Members of the lesbian, gay, bisexual and transgender (LGBT) communities in the Indian city of Mumbai will soon be able to drive private taxis in a sign of increasing acceptance of marginalized groups in the country’s commercial capital.
A project launched by Wings Travels and the community organization Humsafar Trust will train up to 300 members of the LGBT community to drive cabs in the city.
The plan is to subsequently expand the service – called ‘Wings Rainbow’ – countrywide.
“The LGBT community, especially transgenders, have very few economic opportunities because of the huge stigma that they still face,” Pallav Patankar, director of programs at Humsafar Trust in Mumbai told Reuters.
“We hope that this will set the ball rolling and that it will open up other such opportunities for them.”
India’s Supreme Court recognized transgender as a legal third gender in April 2014 and, in a landmark judgment lauded by human rights groups, called on the government to ensure their equal treatment.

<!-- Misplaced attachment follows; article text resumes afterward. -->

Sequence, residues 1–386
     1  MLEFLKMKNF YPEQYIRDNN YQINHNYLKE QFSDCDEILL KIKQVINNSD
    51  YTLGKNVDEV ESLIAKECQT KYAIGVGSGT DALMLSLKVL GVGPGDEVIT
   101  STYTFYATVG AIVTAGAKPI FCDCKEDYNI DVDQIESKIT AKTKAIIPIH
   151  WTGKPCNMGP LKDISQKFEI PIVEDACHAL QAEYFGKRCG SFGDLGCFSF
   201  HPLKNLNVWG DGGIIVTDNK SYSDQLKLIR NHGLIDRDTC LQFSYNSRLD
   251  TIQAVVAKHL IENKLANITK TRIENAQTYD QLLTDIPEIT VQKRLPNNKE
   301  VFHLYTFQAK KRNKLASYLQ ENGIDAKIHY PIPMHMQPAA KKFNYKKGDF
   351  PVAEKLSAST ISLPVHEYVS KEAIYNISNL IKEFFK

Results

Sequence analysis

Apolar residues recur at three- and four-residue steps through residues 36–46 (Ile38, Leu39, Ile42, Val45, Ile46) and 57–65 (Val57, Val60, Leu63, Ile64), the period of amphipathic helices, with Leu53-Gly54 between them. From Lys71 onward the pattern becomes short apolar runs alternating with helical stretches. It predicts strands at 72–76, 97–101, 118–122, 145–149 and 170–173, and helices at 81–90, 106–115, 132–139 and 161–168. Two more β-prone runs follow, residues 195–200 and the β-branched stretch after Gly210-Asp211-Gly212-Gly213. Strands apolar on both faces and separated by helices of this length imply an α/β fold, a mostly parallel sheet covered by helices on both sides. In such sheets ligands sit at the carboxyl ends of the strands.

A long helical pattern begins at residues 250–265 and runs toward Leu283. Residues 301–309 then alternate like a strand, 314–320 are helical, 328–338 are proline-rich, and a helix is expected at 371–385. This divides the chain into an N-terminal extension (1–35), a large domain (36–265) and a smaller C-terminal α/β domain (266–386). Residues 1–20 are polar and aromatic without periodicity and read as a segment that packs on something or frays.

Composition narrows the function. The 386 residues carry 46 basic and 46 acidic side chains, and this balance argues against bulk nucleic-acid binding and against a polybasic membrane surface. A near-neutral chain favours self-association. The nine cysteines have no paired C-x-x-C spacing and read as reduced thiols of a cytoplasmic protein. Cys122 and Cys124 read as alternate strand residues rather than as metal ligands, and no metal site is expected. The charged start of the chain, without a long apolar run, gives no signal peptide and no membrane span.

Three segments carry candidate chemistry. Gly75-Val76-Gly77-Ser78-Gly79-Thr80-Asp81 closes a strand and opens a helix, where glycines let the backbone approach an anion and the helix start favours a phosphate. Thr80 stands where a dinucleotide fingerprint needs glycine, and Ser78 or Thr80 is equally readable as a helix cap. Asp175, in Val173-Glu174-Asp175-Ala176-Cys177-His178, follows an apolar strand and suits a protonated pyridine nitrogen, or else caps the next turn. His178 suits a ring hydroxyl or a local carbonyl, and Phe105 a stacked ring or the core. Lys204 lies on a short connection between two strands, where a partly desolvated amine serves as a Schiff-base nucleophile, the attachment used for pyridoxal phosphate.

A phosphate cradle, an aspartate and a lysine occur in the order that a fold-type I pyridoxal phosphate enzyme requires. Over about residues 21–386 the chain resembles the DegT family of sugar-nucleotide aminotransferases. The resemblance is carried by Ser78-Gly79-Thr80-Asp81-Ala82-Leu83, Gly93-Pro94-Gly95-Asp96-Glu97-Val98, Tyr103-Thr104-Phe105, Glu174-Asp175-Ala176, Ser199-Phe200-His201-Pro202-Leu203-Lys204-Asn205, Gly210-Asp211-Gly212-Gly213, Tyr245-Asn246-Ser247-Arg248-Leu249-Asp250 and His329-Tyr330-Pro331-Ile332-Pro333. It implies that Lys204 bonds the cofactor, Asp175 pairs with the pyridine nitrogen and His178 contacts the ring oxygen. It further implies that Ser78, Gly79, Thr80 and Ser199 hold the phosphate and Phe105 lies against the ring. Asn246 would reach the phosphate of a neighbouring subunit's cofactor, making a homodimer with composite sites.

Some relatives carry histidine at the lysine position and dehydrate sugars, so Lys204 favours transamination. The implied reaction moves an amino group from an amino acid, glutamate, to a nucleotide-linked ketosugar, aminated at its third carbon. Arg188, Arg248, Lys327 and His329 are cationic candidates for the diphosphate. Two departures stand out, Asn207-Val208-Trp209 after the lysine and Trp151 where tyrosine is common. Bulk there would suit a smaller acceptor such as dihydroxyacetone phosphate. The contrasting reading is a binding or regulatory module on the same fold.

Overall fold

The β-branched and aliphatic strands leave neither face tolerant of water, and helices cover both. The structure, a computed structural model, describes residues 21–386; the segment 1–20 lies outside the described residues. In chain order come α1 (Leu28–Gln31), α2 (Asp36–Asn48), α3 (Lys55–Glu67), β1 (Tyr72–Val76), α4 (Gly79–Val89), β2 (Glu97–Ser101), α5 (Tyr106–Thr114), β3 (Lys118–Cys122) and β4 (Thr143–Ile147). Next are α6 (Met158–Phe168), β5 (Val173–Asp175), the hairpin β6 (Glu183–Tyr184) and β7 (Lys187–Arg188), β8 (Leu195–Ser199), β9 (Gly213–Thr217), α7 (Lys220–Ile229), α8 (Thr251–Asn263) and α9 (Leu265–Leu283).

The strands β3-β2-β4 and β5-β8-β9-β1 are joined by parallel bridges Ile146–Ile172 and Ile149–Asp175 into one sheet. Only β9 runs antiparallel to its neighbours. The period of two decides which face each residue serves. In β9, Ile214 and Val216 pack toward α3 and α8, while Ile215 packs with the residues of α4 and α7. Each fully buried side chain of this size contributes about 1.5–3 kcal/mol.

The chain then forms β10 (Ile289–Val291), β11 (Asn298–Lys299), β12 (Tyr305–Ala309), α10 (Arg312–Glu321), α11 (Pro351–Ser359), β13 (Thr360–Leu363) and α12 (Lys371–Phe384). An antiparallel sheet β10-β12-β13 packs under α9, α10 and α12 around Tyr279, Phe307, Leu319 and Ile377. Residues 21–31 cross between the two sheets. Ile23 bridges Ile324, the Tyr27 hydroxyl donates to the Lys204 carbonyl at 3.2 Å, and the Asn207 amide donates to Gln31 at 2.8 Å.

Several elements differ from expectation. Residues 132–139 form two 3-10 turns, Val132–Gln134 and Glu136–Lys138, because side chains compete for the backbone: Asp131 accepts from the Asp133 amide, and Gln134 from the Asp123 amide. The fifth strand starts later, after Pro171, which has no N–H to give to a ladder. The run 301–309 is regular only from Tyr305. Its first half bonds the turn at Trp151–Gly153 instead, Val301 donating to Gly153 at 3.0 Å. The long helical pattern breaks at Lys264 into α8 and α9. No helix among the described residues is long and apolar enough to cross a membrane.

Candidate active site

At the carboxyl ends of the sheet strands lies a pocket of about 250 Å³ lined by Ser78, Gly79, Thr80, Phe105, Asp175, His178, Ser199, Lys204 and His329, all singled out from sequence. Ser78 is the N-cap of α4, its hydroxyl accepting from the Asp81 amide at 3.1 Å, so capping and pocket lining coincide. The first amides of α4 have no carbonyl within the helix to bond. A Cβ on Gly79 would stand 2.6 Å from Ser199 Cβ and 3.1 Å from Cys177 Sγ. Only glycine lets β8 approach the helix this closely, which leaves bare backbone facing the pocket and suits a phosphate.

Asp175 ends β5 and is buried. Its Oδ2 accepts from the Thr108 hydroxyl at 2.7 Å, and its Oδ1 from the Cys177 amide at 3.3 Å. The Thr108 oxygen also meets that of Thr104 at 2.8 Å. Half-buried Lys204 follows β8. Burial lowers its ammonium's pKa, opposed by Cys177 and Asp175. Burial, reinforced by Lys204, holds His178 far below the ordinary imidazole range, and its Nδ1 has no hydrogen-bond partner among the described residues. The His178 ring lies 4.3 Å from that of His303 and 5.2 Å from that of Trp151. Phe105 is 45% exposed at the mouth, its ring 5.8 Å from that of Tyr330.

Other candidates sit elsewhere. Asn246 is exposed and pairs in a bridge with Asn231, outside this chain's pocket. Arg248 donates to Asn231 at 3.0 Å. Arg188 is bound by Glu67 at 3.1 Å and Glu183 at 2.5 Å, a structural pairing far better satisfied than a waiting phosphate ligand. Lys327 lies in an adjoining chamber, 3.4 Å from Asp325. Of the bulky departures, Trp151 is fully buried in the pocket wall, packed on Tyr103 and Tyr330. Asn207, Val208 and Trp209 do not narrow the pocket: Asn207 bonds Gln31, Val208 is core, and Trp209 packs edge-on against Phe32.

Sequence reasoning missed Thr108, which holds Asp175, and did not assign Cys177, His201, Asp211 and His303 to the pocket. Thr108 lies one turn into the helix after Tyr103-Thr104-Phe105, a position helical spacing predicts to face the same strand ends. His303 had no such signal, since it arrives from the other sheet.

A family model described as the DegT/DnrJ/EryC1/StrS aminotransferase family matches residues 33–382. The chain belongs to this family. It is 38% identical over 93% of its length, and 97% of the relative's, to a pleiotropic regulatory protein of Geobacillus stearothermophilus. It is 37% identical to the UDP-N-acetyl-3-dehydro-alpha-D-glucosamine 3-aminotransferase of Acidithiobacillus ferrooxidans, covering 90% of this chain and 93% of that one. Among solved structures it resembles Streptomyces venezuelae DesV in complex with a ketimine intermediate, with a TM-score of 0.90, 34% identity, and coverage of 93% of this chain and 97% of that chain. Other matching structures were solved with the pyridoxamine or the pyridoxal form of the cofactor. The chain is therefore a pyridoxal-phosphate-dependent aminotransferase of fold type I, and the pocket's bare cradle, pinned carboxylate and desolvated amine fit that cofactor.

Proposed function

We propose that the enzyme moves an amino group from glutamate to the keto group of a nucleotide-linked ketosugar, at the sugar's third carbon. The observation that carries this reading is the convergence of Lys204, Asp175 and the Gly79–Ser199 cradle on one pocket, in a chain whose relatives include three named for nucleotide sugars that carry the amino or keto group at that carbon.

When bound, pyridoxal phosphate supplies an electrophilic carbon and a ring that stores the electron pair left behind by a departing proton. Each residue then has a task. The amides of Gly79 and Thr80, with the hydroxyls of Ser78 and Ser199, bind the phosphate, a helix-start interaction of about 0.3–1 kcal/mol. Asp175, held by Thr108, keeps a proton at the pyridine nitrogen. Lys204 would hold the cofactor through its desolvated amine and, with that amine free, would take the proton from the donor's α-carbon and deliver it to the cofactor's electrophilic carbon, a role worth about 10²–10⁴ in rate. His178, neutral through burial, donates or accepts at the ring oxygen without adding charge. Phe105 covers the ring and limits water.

Despite this, sexual minorities – especially transgender people who are more visible – have been driven to the fringes of society into begging and sex work, and face discrimination in jobs and basic services such as health and education.
Wings Travels can place about 1,500 LGBT drivers in its taxi fleet nationwide, said Arun Kharat, the company’s founder and director.
The travel and car rental company also operates a taxi service that employs retired army personnel and one with female drivers for women passengers.
“Driving a taxi is a way for these marginalised people who may not get so many opportunities to gain respectability and independence,” Kharat said.